• Sender and receiver roles are mutually agreed upon by counter parties - no possibility for injection of spam.
    • Fidelity
      • Well-stated message queuing and delivery semantics covering: at-most-once; at-least-once; and once-and-only-once aka 'reliable'.
      • Well-stated message ordering semantics describing what a sender can expect (a) a receiver to observe and (b) a queue manager to observe.
      • Well-stated reliable failure semantics so all exceptions can be managed.
    • Applicability
      • As TCP subsumed all technical features of networking, we aspire for AMQP to be the prevalent business messaging technology (tool) for organizations so that with increased use, ROI increases and TCO decreases.
      • Any AMQP client can initiate communication with, and then communicate with, any AMQP broker over TCP.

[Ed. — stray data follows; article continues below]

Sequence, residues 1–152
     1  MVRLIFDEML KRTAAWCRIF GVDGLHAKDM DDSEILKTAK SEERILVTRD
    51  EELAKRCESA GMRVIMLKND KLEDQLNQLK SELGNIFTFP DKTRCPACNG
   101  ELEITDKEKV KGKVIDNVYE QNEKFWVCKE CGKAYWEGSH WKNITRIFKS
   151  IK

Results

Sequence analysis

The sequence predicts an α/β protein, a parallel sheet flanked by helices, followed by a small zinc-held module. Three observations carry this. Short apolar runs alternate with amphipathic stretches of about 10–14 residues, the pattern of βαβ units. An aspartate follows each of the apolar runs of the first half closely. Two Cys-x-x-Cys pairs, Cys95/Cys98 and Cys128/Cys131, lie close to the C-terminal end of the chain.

• Any AMQP client can request communication with, and if supported, negotiate the use of alternate transport protocols (e.g. SCTP, UDP/multicast), from any AMQP broker.
      • Provides the core set of messaging patterns via a single manageable protocol: asynchronous directed messaging, request/reply, publish/subscribe, store and forward.
      • Supports hub and spoke messaging topology within and across business boundaries.
      • Supports hub to hub message relay across business boundaries through enactment of explicit agreements between broker authorities.
      • Supports Peer to Peer messaging across any network.
    • Interoperability
      • Stable core (client-broker) wire protocol so that brokers do not require upgrade during 1.x feature evolution: Any 1.x client will work with any 1.y broker if y >= x.